Arteries are exposed to relentless pulsatile haemodynamic loads, but via mechanical homeostasis they tend to maintain near optimal structure, properties and function over long periods in maturity in health. Numerous insults can compromise such homeostatic tendencies, however, resulting in maladaptations or disease. Chronic inflammation can be counted among the detrimental insults experienced by arteries, yet inflammation can also play important homeostatic roles. In this paper, we present a new theoretical model of complementary mechanobiological and immunobiological control of vascular geometry and composition, and thus properties and function. We motivate and illustrate the model using data for aortic remodelling in a common mouse model of induced hypertension. Predictions match the available data well, noting a need for increased data for further parameter refinement. The overall approach and conclusions are general, however, and help to unify two previously disparate literatures, thus leading to deeper insight into the separate and overlapping roles of mechanobiology and immunobiology in vascular health and disease.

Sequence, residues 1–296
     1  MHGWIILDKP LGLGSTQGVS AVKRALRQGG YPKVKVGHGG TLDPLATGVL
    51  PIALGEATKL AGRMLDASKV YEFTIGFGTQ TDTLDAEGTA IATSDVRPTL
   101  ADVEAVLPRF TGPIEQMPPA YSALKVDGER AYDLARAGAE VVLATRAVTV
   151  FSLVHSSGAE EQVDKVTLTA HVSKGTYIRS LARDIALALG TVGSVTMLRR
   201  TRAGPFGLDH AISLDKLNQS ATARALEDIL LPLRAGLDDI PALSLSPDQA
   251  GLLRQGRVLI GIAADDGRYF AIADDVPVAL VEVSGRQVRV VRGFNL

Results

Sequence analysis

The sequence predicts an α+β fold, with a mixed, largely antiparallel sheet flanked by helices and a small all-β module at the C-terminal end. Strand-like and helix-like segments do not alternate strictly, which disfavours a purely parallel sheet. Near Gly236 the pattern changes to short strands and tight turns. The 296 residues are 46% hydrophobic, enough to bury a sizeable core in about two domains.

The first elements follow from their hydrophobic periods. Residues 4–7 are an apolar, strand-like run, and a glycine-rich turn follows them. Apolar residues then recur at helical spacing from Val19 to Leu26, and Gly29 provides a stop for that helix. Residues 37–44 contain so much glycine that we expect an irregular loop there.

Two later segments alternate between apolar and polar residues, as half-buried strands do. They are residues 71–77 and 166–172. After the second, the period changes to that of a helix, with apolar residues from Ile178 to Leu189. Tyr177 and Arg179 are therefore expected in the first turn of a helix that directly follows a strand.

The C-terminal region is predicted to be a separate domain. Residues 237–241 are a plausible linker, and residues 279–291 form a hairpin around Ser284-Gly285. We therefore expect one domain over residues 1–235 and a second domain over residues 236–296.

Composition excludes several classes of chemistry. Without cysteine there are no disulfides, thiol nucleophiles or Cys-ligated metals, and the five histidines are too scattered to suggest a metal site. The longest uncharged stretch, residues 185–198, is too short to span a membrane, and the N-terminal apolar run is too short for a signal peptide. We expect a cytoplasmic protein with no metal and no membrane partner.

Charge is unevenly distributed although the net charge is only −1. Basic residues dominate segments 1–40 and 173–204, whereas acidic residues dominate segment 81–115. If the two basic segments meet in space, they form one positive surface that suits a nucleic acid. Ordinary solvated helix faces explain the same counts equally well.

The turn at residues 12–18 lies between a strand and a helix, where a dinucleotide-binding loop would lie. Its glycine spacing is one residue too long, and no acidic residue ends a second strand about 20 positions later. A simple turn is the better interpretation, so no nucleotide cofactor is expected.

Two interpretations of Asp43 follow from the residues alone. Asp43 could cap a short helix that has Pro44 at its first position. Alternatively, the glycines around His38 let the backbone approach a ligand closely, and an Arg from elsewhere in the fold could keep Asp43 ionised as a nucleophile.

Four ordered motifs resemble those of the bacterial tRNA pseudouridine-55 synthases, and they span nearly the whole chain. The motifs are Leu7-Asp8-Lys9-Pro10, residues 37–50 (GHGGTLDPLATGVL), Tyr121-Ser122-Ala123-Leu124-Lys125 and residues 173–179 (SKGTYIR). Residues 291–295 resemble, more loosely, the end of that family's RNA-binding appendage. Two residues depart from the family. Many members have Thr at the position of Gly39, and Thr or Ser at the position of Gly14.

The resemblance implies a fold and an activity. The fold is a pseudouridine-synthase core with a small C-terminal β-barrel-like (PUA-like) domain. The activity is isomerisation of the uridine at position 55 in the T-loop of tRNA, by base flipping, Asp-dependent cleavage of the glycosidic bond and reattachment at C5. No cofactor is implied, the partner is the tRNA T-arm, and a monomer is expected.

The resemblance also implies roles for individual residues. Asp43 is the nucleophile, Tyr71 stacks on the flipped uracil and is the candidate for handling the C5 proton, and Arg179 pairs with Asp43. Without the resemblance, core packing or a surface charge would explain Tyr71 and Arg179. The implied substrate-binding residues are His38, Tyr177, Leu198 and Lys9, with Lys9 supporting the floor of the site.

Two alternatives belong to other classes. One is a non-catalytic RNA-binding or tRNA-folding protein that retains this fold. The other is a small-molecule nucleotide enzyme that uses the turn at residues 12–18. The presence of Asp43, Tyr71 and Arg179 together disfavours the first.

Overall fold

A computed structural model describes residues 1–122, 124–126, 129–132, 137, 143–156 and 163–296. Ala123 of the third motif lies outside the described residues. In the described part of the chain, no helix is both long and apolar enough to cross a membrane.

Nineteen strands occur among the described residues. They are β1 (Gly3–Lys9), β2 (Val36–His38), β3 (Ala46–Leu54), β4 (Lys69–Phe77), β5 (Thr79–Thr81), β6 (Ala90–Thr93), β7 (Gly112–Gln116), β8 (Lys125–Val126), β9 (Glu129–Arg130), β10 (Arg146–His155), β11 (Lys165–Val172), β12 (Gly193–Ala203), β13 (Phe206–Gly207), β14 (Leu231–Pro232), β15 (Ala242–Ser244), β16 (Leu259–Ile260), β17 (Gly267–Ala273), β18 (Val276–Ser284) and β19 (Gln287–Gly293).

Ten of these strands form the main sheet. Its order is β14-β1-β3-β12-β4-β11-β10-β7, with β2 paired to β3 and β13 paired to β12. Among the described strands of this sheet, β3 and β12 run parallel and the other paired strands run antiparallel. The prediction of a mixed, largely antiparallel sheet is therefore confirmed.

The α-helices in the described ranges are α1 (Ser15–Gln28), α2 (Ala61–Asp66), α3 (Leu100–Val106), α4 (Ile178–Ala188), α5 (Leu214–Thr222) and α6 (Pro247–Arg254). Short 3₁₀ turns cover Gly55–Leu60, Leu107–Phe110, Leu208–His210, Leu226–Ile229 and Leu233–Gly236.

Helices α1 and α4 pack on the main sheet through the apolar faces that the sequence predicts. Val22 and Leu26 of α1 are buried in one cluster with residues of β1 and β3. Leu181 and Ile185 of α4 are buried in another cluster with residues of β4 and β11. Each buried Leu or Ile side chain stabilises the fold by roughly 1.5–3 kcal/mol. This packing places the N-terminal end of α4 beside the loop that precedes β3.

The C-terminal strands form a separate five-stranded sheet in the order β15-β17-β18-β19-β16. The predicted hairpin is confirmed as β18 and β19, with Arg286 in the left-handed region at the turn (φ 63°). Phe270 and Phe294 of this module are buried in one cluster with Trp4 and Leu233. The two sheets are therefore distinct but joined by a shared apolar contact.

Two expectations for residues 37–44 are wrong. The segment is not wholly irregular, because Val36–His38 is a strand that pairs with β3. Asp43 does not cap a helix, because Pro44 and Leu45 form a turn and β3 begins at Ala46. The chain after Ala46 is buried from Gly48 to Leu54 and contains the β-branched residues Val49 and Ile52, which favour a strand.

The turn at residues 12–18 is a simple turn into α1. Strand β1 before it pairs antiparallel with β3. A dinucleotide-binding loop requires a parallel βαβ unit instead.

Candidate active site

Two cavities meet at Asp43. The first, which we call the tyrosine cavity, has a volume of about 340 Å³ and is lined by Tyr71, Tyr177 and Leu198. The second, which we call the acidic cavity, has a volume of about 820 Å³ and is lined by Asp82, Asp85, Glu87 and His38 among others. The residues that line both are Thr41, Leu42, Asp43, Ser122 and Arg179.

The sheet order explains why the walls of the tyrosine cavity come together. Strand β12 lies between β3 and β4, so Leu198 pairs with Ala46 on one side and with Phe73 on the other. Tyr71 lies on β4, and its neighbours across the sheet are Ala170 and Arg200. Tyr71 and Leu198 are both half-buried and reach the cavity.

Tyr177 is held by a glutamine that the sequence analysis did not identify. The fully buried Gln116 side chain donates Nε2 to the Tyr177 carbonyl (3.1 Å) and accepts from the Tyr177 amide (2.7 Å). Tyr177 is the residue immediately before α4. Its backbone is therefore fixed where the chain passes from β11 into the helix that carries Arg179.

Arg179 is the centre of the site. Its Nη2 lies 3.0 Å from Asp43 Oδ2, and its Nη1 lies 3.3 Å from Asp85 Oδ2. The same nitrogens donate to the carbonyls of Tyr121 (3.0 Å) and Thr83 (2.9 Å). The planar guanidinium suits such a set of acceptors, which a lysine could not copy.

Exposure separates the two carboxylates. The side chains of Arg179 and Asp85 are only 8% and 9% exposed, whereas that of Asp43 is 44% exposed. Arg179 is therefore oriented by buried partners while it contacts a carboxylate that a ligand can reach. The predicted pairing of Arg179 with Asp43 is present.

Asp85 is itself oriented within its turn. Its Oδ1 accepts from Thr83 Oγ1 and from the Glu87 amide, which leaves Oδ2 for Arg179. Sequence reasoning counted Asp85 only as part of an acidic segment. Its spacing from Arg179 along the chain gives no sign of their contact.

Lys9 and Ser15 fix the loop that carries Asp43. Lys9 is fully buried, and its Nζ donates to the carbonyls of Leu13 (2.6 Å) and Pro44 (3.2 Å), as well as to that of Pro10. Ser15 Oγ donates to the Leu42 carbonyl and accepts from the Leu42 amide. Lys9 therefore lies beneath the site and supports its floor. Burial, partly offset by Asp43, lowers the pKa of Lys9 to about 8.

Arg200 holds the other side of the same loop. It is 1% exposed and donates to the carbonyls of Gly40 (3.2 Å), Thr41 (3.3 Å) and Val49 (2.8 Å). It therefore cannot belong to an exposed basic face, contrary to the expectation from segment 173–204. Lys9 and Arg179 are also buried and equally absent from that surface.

|Number of pages||20|
|Journal||Proceedings of the Royal Society A-Mathematical Physical and Engineering Sciences|
|Publication status||Published - 27 Jan 2021|
- AORTIC ADVENTITIAL FIBROBLASTS